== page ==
(NBC) -- Increasingly under fire over veteran's health care, President Obama declared he will not stand for misconduct at the nation's VA hospitals. But critics quickly called that too little too late.
On Capitol Hill, in a bipartisan vote, the house showed its concern.
Republicans say this fits an Obama pattern: he promised to end long waits at VA hospitals but did not and then, they say, when the problem became big news, he laid low until today.
With millions of US veterans and their families focused on the VA scandal
President Obama insisted he's on top of it.
But 40 vets dying while waiting for care in Phoenix and a reported cover up of the backlog has been a national story for weeks.
Veterans and many lawmakers wonder where the Commander in Chief has been.
The investigation in Phoenix is half done, but the probe is expanding to 26 hospitals.
In bi-partisan move, the house voted to make it easier to fire top VA managers, and there's growing pressure to fire the secretary of veterans affairs, Eric Shinseki.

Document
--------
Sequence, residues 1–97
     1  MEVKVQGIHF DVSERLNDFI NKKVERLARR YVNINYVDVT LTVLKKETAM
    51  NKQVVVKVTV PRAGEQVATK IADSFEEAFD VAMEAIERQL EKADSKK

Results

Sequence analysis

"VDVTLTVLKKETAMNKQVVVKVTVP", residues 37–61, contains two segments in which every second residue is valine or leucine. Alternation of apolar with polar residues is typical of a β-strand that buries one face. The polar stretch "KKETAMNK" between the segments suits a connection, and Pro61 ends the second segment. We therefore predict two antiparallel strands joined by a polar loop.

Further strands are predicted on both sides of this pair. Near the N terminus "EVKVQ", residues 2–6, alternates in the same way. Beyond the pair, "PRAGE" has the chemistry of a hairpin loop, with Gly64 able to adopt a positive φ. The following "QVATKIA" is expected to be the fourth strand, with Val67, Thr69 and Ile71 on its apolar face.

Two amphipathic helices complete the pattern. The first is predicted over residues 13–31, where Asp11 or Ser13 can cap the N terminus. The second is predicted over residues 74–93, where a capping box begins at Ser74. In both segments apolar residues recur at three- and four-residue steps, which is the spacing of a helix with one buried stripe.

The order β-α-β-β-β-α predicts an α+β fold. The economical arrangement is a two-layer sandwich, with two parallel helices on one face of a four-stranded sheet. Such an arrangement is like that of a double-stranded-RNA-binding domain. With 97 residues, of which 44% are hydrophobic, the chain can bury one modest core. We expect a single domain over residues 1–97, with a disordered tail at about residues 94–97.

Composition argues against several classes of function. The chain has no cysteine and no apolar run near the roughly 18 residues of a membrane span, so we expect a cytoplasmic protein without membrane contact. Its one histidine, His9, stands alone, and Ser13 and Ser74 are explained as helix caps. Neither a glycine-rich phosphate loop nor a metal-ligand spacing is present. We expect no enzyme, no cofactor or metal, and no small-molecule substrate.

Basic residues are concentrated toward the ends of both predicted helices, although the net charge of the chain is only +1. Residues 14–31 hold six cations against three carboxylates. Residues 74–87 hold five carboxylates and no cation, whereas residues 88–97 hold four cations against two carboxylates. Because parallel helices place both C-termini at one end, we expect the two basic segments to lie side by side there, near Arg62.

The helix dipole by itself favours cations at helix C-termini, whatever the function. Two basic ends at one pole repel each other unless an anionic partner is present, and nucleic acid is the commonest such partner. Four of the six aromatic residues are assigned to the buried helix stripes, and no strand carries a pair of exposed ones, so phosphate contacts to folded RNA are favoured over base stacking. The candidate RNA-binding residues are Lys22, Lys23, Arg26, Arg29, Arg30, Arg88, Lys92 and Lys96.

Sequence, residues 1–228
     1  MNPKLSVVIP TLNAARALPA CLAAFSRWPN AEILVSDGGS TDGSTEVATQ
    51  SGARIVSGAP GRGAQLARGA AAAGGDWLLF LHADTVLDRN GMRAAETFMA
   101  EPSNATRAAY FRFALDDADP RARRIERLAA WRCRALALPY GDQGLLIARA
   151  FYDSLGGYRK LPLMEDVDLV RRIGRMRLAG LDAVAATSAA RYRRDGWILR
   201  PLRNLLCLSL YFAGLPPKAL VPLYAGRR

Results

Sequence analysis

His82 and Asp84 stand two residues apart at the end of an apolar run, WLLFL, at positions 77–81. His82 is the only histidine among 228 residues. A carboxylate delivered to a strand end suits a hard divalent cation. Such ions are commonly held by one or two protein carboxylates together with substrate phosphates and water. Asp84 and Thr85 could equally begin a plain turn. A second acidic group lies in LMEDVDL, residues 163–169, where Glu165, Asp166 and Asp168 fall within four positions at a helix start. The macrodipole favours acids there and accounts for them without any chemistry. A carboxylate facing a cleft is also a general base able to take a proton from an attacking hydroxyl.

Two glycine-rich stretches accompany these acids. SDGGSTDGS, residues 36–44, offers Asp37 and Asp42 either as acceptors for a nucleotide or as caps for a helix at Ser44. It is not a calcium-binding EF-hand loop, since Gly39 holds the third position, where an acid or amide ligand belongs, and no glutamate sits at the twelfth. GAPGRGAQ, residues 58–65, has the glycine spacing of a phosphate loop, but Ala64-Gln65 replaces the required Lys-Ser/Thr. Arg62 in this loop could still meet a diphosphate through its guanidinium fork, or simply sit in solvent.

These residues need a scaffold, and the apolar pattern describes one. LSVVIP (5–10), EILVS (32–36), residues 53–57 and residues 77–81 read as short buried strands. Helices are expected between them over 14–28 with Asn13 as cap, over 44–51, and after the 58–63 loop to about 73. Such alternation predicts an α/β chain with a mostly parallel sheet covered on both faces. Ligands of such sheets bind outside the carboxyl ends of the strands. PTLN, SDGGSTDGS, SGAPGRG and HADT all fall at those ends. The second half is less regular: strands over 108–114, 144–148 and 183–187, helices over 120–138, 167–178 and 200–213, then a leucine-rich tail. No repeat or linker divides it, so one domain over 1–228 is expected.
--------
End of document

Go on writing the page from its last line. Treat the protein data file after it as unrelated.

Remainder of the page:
The president resisted but left the exit door open.
Shinseki was in limbo as he left the White House.
What happens to Shinseki depends on what's found in Phoenix.
The president hopes for a report next week.
In related news we spoke to Laredo congressman about whats happening in Washington and how that will affect us in Laredo.
Congressman Henry Cuellar has spoken on the house floor before about the VA backlog and how veterans are waiting too long to get benefits.
In reference to Eric Shinseki, Cuellar says as an administrator he should be given a chance to get to the bottom of the situation.
He says the VA has had its share of problems but the administration needs to find out what the problems are and how to improve them.